Entering the 2014 Olympics, Patrick Kane claimed, "It's gold or bust," when asked about the United States' goals for the Sochi tournament.
In a span of under 24 hours, gold quickly rusted into no medal at all.
A day after losing to Canada in the semifinals, team USA dropped the bronze medal game to Finland 5-0. And like the loss to the Canadians, it only took one sequence and a matter of seconds to spell the end for USA.
Both teams showed no signs of complacency early on despite playing in the consolation game. The United States came out and peppered Tuukka Rask with shots, forcing the Bruins goalie to make 11 saves in the first period.
While Finland could only muster eight shots in the game's opening 20 minutes, there were frantic sequences that nearly led to goals. A net-front scramble midway through the period not only forced Jonathan Quick to make multiple saves, but also led to Ryan McDonagh and Ryan Suter blocking shots in the blue paint.
The best chance of the frame came with just under seven minutes to play. While defending in his own zone, Kimmo Timonen fired a broken stick at a USA puck carrier, resulting in a penalty shot. Patrick Kane got the call for the United States, but got in too deep and couldn't get a shot off against Rask.
If the United States got the better of the play in the first, the Finns certainly looked like a team trying to force the effort to start the second. A much more aggressive, effective Finland squad opened the second by applying pressure to the United States in all three zones.
The Finns would reap the benefits of that pressure only 1:27 into the second period, when Mikael Granlund hit Teemu Selanne in transition. The Finnish captain brought the puck into the United States' zone off the rush, and managed to beat Quick on a backhand shot on the blocker side.
The Finns wouldn't wait long to double their edge.
On the ensuing faceoff, Finland took control of the puck off a turnover. After McDonagh got caught puck-hawing at the blue line, Jori Lehtera broke in with Jussi Jokinen on a 2-on-1. Ryan Suter tried to make a play, but Lehtera put a cross-ice pass right on Jokinen's tape, and the Penguins forward beat Quick to make it 2-0 just 11 seconds after Selanne's initial tally.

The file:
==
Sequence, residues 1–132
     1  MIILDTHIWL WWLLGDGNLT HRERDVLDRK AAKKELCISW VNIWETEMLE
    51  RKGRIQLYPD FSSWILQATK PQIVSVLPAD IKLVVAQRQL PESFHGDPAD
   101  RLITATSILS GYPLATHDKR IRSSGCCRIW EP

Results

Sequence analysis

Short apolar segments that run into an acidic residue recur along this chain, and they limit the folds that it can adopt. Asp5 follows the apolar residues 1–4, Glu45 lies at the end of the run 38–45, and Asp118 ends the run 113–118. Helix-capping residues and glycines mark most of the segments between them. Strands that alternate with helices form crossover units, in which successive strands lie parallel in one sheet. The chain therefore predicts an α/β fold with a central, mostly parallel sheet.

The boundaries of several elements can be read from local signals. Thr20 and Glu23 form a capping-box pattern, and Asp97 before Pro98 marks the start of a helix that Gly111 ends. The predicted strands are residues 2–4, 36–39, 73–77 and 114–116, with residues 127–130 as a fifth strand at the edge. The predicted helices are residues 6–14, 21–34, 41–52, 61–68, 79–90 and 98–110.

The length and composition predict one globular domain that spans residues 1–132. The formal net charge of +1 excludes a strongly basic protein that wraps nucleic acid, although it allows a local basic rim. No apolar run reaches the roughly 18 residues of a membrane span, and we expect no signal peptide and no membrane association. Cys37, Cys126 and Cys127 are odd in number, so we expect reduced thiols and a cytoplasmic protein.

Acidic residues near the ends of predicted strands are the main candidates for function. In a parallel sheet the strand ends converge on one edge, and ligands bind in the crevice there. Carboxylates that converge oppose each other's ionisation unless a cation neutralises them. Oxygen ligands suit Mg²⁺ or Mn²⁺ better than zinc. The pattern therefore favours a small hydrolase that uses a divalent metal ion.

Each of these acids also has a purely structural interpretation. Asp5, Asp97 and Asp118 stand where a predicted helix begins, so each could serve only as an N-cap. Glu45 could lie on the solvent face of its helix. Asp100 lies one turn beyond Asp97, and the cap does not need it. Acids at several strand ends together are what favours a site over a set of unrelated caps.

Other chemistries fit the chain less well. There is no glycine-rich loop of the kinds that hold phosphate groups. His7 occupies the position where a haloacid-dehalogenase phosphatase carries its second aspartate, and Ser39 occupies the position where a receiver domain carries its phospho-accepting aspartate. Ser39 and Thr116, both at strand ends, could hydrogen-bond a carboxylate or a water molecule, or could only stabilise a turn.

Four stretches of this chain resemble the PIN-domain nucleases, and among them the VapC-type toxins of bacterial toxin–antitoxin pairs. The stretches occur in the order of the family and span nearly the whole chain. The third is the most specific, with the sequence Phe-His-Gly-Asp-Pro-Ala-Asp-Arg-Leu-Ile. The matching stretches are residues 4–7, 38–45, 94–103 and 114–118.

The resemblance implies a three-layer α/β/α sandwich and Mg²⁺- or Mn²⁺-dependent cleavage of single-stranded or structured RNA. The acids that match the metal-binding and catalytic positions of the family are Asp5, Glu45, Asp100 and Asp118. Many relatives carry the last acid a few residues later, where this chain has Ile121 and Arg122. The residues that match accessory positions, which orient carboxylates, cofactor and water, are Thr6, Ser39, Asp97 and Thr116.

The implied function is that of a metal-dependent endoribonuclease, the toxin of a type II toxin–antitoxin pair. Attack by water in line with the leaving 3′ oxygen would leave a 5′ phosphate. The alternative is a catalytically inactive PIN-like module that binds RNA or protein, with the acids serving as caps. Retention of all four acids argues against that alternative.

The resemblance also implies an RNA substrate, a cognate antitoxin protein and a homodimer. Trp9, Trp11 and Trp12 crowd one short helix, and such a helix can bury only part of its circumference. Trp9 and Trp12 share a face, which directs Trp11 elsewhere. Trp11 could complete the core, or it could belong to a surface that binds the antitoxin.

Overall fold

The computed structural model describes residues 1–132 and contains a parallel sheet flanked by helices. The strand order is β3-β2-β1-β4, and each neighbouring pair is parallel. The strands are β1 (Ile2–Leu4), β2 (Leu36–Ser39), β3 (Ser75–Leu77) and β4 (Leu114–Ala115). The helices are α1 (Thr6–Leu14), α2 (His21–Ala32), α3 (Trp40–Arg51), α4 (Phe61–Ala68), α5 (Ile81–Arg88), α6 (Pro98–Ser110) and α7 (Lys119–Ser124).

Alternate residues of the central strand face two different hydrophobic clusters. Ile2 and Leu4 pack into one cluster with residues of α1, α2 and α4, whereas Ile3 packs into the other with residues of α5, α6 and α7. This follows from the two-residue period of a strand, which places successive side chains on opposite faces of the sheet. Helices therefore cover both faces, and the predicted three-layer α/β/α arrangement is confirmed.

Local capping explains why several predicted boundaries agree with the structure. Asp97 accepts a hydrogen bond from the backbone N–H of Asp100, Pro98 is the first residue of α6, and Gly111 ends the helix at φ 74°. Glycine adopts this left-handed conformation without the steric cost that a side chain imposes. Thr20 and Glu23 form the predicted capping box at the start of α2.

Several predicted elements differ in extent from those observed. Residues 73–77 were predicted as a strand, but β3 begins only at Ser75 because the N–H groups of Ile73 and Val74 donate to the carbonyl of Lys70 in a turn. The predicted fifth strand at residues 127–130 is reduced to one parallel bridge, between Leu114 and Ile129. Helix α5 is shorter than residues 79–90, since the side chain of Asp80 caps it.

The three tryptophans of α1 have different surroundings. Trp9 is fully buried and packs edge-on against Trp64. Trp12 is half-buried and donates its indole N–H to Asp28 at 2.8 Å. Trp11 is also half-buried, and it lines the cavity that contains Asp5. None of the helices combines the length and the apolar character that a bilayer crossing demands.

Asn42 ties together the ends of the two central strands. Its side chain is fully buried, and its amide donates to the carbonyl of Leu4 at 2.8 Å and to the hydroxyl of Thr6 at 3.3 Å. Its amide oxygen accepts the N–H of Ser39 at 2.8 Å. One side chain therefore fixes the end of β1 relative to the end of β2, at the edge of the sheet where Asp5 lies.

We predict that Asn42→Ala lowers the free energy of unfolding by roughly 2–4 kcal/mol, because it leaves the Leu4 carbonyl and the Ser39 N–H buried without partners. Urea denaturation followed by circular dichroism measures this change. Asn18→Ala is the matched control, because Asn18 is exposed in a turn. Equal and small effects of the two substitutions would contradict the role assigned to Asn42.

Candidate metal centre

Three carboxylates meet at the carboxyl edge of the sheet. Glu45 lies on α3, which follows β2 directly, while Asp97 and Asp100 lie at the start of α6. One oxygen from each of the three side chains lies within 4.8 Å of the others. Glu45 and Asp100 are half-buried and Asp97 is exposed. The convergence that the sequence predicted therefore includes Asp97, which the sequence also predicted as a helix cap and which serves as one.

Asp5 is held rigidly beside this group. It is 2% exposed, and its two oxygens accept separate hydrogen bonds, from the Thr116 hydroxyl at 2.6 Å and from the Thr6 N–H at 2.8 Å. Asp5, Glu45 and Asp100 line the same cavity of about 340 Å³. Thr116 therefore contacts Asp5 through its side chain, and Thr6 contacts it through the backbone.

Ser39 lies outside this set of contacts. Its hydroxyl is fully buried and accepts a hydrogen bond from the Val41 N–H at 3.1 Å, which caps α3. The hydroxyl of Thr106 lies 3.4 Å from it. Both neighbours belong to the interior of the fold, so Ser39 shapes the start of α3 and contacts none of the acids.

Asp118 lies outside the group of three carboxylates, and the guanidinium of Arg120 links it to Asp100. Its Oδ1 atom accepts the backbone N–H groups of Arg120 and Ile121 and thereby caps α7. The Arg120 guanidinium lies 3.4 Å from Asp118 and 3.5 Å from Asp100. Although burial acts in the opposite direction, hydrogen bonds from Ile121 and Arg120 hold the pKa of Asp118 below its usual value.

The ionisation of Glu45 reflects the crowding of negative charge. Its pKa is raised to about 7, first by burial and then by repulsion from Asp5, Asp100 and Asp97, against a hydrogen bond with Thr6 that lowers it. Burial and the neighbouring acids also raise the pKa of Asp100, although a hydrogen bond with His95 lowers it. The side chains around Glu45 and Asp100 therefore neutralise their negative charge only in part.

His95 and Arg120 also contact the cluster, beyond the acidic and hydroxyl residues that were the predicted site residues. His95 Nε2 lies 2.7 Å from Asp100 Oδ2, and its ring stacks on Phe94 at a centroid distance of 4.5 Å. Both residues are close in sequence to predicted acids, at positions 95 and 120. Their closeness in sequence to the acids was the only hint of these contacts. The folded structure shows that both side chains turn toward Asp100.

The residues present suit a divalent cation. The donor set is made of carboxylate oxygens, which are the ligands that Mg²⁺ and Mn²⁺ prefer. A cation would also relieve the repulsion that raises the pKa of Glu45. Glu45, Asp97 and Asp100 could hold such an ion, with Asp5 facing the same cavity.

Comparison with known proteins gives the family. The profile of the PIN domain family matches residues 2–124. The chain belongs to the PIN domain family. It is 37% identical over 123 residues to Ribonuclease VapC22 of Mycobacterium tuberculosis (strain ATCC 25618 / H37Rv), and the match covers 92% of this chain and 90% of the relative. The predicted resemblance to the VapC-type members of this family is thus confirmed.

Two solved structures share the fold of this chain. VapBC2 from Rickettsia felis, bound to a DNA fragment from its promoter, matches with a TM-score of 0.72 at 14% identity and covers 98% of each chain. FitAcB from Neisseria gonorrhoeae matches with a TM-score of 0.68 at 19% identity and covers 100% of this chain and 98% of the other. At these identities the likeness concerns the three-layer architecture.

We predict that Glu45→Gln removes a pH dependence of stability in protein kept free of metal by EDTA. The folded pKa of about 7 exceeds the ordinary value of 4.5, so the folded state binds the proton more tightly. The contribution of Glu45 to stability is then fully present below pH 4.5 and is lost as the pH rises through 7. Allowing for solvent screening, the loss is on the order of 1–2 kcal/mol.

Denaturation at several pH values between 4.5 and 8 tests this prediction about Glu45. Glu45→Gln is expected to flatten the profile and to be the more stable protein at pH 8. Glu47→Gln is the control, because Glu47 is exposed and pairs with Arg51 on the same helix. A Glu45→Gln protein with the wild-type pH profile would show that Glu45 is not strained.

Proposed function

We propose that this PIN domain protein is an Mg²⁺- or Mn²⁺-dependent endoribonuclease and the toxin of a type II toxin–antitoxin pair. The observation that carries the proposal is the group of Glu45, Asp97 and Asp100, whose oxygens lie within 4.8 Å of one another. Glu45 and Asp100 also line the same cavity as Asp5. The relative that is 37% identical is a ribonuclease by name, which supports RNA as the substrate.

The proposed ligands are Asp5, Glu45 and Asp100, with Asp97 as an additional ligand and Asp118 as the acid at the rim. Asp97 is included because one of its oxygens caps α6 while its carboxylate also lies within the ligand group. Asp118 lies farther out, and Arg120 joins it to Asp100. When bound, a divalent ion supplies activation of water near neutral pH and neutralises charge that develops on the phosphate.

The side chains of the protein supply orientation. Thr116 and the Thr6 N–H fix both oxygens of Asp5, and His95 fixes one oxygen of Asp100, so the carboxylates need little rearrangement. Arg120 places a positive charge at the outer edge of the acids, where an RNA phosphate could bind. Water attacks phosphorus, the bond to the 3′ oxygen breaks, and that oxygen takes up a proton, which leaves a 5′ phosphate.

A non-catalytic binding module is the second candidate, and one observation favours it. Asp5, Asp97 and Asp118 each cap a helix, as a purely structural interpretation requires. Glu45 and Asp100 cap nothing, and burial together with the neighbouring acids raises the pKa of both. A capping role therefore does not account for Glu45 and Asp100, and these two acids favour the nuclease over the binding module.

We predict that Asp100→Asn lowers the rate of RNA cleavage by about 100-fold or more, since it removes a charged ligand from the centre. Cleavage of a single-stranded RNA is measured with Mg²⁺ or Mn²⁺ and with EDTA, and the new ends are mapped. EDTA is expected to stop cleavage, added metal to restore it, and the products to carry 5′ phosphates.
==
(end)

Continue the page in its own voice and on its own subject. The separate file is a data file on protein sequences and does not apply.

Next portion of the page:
The United States' speed would continue to generate offensive chances, and Kane would draw his second penalty shot of the day after breaking ahead of the Finland defense and getting slashed by Leo Komarov.
As Kane descended on Rask for a second time, there were no stick handles, and while Kane did get a shot off, it rang off the post and kept the game at 2-0.
Searching for a goal to cut into the deficit in the third period, Kane took a tripping penalty just over four minutes into the frame. On the ensuing power play, Finland got its third goal of the game—just as the two minute minor expired—on a point blast from Juuso Hietanen to make it 3-0.
A frustrated USA team put itself in another shorthanded situation just over four minutes later as T.J. Oshie was called for interference. With the Finns working on a man advantage, Granlund hit Selanne in the slot, and the captain netted his second of the game to push it to a 4-0 Finland lead.
Olli Maata would make it 5-0 Finland on the team's third power play goal of the third period later on, and Finland would cruise to the victory.
Rask, who was held out of the semifinal game due to illness, bounced back strong in net for Finland with 26 saves in the shutout. Selanne, who is likely in his last Olympics at age 43, scored twice, including the game winner.
For Finland, its their sixth medal all-time in men's hockey, and their fourth bronze.